Mr Dunne: When the Petrol Retailers Association gave evidence, Mr Madderson claimed that Sainsbury's chief executive Justin King said that Sainsbury's had sold fuel below cost.  Is that the case?  Has that been the case?  In May 2011, I understand.

 

Mr Drumm: I understand the comments that have been made, and I believe that our CEO has been misquoted.  Therefore, I welcome the opportunity to, hopefully, clarify that.  I have sent a copy of the transcript to the Clerk and, hopefully, you have had a chance to —

 

Mr Dunne: I have it in front of me, thank you.

 

Mr Drumm: To reiterate, the key point is that, contrary to some of the comments that were made, we did not price below cost for six months in order to gain a market share.  We aim to make a profit on every product that we sell.  There is no strategy to price below cost.  As Richard said, our fuel business is profitable in its own right.

 

Mr Dunne: In May 2011, did you sell fuel at a loss as detailed in your e-mail?  It says here in your e-mail that:

 

"Our competitive fuel pricing, with associated low margins, combined with the fuel promotion, meant that at that time Sainsbury's were making a loss on fuel".

 

Is that correct?

 

Mr Crampton: To go back to what I just said, fuel margins are enormously volatile from day to day.

 

Mr Dunne: Sorry.  At May 2011, did Sainsbury's sell fuel at a loss?  It says so in the e-mail, Damien.

 

Mr Drumm: During that particular promotion, because of the low margins and because we were running a promotion for a very limited period, some of our stores could, potentially, have been selling it at a loss.

 

Mr Dunne: I am glad that you have clarified that.  So it is the case that supermarkets are playing games with the public in relation to cost.  They are trying influence footfall in the stores, and, at times, they sell fuel at a loss.  Is that correct?

 

Mr Crampton: I would not agree, no.  I would say that supermarkets, as stated in the OFT report, are here to do good in the community, and we firmly believe that.  We make sure that we offer great value products for the local community.  Therefore, I refute that.  As I said around —

 

Mr Dunne: Sorry; the evidence here is that Sainsbury's was making a loss on fuel in May 2011.  Is that correct or incorrect?  Tell the truth.  Is it correct?

 

Mr Crampton: I am telling the truth.

 

The Chairperson: All that were are trying to establish is for you to corroborate that that is a factual statement.  It came via you, Mr Drumm.

 

Mr Drumm: Yes.

 

The Chairperson: That is all that we want to know.

 

Mr Drumm: Yes.  I am happy to, hopefully, try to clarify it.  At that particular point in time, because of the combination of the low margins that there were on the fuel that we sell and the particular promotion that we were running at the time, we may have been making a loss on some of the petrol outlets.

 

The Chairperson: You said "may": were you, or were you not?  The e-mail says that you were making a loss.  Just to clarify: you are giving evidence to a statutory Committee here, and we are trying to establish the veracity and the factual nature of evidence that has been supplied to us.  It is not a "may", and it is not a "maybe".  Was it or was it not, please?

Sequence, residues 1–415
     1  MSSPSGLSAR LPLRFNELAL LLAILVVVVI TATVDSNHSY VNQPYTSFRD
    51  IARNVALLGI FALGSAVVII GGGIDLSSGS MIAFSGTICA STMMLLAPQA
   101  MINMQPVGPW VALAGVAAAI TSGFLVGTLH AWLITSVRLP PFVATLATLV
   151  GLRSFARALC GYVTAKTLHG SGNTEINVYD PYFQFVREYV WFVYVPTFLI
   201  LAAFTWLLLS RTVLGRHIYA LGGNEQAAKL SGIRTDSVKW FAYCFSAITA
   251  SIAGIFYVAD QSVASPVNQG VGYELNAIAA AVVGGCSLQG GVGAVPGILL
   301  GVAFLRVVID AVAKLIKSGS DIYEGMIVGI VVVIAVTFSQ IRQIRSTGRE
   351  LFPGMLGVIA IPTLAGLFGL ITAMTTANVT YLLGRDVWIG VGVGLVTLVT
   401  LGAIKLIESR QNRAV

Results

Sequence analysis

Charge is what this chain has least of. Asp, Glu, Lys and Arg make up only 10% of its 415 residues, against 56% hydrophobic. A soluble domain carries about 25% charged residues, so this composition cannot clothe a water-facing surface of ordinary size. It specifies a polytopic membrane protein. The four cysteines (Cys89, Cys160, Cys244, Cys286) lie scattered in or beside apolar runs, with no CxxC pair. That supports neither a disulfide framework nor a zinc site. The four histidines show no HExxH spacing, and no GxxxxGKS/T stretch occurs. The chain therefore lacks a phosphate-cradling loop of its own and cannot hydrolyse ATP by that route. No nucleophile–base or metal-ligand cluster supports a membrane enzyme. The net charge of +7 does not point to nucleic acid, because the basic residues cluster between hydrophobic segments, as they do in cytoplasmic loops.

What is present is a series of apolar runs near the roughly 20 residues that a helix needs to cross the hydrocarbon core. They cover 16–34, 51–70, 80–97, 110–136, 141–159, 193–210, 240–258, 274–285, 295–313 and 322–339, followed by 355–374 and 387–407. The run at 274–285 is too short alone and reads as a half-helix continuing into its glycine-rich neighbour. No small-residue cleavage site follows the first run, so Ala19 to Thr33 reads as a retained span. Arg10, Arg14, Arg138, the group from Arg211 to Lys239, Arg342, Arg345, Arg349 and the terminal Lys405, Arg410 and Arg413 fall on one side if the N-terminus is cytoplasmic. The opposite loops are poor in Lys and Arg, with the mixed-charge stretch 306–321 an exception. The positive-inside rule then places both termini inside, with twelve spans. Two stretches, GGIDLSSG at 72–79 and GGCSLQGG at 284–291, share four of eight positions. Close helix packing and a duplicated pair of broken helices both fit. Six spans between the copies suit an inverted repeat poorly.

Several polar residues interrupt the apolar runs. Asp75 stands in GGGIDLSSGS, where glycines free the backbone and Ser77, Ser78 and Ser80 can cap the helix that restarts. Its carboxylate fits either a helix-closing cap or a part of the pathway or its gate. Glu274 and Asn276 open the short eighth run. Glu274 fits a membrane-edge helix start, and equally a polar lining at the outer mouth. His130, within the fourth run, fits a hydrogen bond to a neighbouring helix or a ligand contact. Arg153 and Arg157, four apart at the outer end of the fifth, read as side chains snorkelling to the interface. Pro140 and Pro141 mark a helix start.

Mr Drumm: I said "may" because some of our petrol stations that operate across the UK may have been selling at a higher price because they are priced locally.  Some of them may have been making a profit.  However, on the whole, during that promotion, which went for a couple of weeks, we were making a loss, yes.  I hope that that answers the question.

 

The Chairperson: That has established that.

 

Mr Dunne: I appreciate your honesty, Damien.  The independents have a case, and I fear for the independents.  In Northern Ireland, a number of the independents have taken on the supermarkets.  I am not sure how they did it.  In my constituency, a number of supermarkets have filling stations that have been rebuilt, and there has been considerable investment by the independents.  We welcome that, but they are living off what they sell in their mini supermarkets, and I am not sure how they do that against you.  They are living off selling discounted items and convenience.  Is it fair that you use that system to influence your footfall and undermine the independents?  Is that a fair way to operate business?

 

Mr Crampton: What exactly do you mean by the "system"?

 

Mr Dunne: The system with vouchers and so on.  Is that a fair way of doing business in a community that you are so concerned about?

 

Mr Crampton: As Chris said, our vouchering, such as the national promotions that you are describing — spend x and get x pence off a litre — makes up less than 5% of our volume.  It is not an enormous part of our business.  The majority of our fuel goes through the policy on local pricing that I detailed at the beginning of the hearing.